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An Inspector Calls Director's Letter

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An Inspector Calls Director's Letter PK Stage Productions 2a Hamilton House Chelsea London 13 July 2002 Dear Miss Samantha Bradshaw, Firstly I must send my thanks for the accepting the part of Sheila in An Inspector Calls. You were certainly the best women for the job. I have put together a short, general description of how I would like you to play the part and also some information on the play and the time that it set... The play is set in a middle/upper class home in 1912 in Britain. The play involves mainly a father, mother, son, daughter (Sheila.) and her fianc�. The father, Mr Birling, is a prosperous factory owner and has married into an upper class family. He thinks that he has made the family what it is and likes to be very much in control of every situation. It was also quite evident that he wants to protect his family, particularly Sheila. His wife, Mrs Birling is from a well-off upper class family and she is very set in her ways; she believes what she believes and thinks everyone else should do the same. Sheila's brother, Eric, is a young boy, who at the start of the play is already rather drunk. As the play goes on, the audience should learn that Eric is a very deep young man who has a lot of troubles; he does not agree with his parent's attitudes to certain aspects of life. Sheila's relationship with Eric is not very good at the start of the play; they squabble frequently but it improves. ...read more.


At the mention of this Gerald becomes very surprised and asks the Inspector to repeat himself. When Gerald becomes shocked, it is essential that you are looking at him - otherwise Sheila will not be able to assume that he knew her. When the Inspector leaves the room with Eric and Sheila starts to quiz Gerald about this girl, she gets extremely annoyed with him for avoiding the questions. You should start to quicken your speak and also increase in volume - this will show the state of Sheila's temper. At the very, very end of the Act 1, there is a very significant point when Sheila "laughs rather hysterically" and calls Gerald a "fool". Gerald still believes that he may have got away with the connection he had with the dead girl but Sheila knows otherwise. She is completely in control of the situation and it very unusual as she is meant to be the 'girl' of the household and women were considered less intelligent than men in that era. It is very ironic that the young, pretty girl knows what is happening in a situation when the young, man does not. The Inspector then enters the stage and tension is great. The Inspector knows that they have been discussing Gerald's involvement with this girl's life and he has come back to discover the truth. Sheila is relaxed as she was expecting this to happen and she believes that Gerald with tell the truth. In Act 1 Sheila begins as a very silly, pretentious, giddy and excited young lady. ...read more.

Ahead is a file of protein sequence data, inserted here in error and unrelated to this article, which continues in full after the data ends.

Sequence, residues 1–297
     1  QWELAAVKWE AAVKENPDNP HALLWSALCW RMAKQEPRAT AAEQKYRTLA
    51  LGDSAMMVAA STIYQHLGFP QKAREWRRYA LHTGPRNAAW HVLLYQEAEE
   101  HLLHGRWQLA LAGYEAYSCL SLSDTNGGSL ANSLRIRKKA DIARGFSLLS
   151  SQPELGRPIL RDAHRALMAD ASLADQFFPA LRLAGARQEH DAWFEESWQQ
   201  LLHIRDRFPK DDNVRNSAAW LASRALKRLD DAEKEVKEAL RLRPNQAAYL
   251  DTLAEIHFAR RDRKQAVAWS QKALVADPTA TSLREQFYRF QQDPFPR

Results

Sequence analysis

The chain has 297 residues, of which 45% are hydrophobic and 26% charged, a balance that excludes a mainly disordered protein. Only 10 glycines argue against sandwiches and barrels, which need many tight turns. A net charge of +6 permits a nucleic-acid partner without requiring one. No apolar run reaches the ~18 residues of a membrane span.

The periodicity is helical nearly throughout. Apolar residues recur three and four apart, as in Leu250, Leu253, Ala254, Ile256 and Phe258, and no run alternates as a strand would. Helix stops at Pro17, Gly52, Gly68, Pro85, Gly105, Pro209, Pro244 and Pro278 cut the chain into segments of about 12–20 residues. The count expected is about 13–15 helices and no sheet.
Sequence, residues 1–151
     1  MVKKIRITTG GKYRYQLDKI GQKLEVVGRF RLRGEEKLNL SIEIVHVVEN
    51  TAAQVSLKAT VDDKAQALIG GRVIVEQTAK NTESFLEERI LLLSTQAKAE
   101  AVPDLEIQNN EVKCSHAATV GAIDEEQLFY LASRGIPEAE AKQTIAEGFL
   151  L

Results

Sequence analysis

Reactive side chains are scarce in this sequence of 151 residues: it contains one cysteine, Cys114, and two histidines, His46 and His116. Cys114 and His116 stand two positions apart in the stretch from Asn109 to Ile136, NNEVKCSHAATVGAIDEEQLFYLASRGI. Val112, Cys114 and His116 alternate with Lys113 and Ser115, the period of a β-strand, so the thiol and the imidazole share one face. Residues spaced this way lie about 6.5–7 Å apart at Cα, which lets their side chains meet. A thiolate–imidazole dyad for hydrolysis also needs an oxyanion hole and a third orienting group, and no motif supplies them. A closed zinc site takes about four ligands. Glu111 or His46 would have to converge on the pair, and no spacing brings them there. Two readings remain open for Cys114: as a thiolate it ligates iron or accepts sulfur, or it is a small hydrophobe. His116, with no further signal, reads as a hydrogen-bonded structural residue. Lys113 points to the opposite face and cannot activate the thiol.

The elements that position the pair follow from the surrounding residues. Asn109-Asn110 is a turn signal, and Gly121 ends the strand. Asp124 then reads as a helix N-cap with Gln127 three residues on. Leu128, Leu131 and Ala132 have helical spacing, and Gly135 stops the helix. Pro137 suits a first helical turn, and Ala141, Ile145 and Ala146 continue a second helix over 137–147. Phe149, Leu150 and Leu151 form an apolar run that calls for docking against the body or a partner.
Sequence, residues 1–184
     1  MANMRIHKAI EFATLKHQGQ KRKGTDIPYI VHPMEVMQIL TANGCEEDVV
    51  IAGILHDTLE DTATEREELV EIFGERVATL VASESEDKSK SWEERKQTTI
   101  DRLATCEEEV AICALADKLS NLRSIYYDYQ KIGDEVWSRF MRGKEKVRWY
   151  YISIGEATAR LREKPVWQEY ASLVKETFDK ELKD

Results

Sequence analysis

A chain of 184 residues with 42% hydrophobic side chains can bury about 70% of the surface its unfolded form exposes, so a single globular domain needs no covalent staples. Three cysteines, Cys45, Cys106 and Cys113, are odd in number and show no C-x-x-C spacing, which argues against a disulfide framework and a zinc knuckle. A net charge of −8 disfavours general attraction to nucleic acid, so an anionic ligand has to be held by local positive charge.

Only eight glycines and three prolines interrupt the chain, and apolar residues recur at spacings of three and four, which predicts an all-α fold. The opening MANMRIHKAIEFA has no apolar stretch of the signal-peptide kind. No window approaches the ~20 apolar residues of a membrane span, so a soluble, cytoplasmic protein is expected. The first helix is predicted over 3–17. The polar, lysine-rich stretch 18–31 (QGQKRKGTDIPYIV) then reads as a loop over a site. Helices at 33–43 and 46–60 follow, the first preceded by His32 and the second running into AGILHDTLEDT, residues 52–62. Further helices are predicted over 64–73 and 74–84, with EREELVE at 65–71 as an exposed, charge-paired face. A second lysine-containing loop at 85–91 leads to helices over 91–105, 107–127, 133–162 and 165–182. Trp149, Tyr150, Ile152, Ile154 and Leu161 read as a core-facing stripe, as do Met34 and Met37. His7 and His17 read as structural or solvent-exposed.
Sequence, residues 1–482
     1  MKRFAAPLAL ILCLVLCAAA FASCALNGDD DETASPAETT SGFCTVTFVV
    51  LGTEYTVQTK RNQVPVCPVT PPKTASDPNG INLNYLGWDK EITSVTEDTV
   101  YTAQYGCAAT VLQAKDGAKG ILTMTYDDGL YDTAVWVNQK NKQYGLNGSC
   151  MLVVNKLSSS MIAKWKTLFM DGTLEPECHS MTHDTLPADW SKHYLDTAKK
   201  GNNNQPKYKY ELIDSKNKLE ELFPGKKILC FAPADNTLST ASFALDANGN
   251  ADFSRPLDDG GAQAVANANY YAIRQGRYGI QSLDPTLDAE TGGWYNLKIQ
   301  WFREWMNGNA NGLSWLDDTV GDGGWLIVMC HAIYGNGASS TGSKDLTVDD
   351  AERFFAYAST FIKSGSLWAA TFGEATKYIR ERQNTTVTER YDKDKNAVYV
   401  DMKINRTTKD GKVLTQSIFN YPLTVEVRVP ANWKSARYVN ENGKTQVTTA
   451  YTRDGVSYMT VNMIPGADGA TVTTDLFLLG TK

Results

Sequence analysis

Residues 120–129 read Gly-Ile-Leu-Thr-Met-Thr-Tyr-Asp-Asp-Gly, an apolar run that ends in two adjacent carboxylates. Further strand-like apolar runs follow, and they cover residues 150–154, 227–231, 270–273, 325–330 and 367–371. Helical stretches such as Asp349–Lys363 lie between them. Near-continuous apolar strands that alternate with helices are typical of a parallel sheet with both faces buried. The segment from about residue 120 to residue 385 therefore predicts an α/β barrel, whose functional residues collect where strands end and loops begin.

Eric blames his mother, because he knows what she is like and how she can separate herself and her family from other people of other classes. Sheila tells her family that they have not learnt anything by the evening's experiences. They are all very glad when they realise that the Inspector was not actually a policeman. They seem to feel like they have been let off the hook. Mr Birling thought that his chances of being on the honour's list would be ruined in the evening's events became public knowledge so he was extremely pleased to discover he wasn't a police inspector. However, the now mature, deep and perceptive Sheila adds that it doesn't matter whether he was a police inspector or not, he was still an inspector and he inspected them. They discovered things about themselves that even they didn't know; yet this stranger did. Sheila realised that she had been through an emotional turmoil and she wanted to leave with something. She grows as a character. So, to summarise, Sheila is a na�ve and giddy in Part 1. She then becomes a bit excitable, angry and upset in Part 2. In Part 3 she is still angry but is a bit more thoughtful and analysing. As the play is set in the 1910's, costume is essential. Fashions were changing very rapidly during the turn of the 20th Century so Sheila would probably be wearing a corseted dress with very elaborate accessories. The production company upon arrival at the playhouse, of course, will provide these. Remember, Sheila 'growing' as a character from Act to Act becoming angrier, then thoughtful, deep and forgiving. Page 1 ...read more.

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